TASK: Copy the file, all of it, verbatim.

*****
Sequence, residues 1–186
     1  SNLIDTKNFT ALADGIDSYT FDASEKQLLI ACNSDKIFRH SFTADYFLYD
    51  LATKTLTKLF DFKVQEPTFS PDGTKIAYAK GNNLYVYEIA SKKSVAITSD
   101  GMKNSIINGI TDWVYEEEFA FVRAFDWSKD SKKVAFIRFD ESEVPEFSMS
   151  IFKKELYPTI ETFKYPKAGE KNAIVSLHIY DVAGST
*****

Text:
Sequence, residues 1–186
     1  SNLIDTKNFT ALADGIDSYT FDASEKQLLI ACNSDKIFRH SFTADYFLYD
    51  LATKTLTKLF DFKVQEPTFS PDGTKIAYAK GNNLYVYEIA SKKSVAITSD
   101  GMKNSIINGI TDWVYEEEFA FVRAFDWSKD SKKVAFIRFD ESEVPEFSMS
   151  IFKKELYPTI ETFKYPKAGE KNAIVSLHIY DVAGST